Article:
Parents are being shortchanged
Your article about newly qualified teaching assistants Praise for Teaching Assistants Studies , December 10, requires a note of caution. Parents, in particular, need to be told what is happening in their schools. Your report says that DCC helped fund th
Your article about newly qualified teaching assistants "Praise for Teaching Assistants' Studies", December 10, requires a note of caution. Parents, in particular, need to be told what is happening in their schools.
Your report says that DCC helped fund those qualifications and their advisor for support staff is quoted as saying "This is a very important event, recognising the move towards the creation of a fully qualified schools' workforce."
These are weasel words; only two years ago Devon had a fully qualified schools' workforce inasmuch as children were always taught by, and in the care of, qualified teachers. This was the law. However, the Government, as a cost-cutting measure, embarked on a process of undermining the teaching profession by re-naming the traditional role of Classroom Assistant to Teaching Assistant and introducing a system of scales so that those with the higher grades you describe (HLTA) can now replace teachers, when cover is needed.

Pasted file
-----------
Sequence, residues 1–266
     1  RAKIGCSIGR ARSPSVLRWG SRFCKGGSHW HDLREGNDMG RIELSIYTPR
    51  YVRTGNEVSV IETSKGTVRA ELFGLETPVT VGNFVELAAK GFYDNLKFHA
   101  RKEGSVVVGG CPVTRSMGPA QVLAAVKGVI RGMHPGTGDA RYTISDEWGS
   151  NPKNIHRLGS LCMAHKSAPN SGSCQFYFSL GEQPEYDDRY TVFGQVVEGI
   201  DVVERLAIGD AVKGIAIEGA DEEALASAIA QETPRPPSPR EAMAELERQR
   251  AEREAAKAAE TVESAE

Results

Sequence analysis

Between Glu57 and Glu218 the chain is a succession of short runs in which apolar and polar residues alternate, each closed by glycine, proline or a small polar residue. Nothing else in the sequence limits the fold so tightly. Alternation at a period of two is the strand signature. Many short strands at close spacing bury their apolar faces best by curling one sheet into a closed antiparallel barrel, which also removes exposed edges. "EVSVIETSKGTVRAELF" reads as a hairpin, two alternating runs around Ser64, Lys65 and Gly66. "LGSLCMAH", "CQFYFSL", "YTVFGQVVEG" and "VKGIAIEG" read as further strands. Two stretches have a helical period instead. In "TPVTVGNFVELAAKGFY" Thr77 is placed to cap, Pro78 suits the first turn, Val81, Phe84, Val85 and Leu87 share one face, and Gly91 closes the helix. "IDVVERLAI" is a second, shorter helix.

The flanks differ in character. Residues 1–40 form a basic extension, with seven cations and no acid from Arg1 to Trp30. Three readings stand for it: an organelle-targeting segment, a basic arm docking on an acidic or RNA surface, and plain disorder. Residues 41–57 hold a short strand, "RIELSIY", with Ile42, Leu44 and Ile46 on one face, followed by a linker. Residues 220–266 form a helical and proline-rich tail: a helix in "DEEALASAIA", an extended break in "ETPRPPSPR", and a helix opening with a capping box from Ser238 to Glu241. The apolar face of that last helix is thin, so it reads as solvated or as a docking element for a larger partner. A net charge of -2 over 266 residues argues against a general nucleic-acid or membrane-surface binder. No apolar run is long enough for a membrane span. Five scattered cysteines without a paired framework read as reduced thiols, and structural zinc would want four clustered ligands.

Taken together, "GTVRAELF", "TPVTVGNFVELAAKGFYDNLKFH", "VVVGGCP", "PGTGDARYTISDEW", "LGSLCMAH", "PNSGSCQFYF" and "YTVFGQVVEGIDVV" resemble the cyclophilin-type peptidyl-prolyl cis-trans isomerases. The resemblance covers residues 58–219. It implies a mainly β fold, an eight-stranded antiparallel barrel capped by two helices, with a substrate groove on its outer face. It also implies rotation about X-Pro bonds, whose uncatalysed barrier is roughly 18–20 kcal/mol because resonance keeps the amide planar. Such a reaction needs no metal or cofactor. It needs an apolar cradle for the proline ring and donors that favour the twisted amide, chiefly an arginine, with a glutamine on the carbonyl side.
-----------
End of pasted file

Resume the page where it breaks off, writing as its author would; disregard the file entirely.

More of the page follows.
There has never been a shortage of teachers in Devon, indeed for every advertised post there are often hundreds of applicants and to cover for absences in the past, a pool of supply teachers ensured that standards were maintained and that children were taught by fully qualified teachers.
As more poorly-paid teaching assistants are used in schools to teach classes, the supply teachers are no longer being used, particularly in primary schools, and children are being supervised by HLTAs, who are well-meaning and responsible, but who have neither the four-year qualification nor the wealth of knowledge that the supply teachers have.
Surely, if these people want to teach children, they should embark on a four-year degree course to become fully-qualified teachers and earn a good salary. Parents need to realise that they and their children are being short-changed and should object to the routine use of teaching assistants as replacements for teachers.
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A Devon supply teacher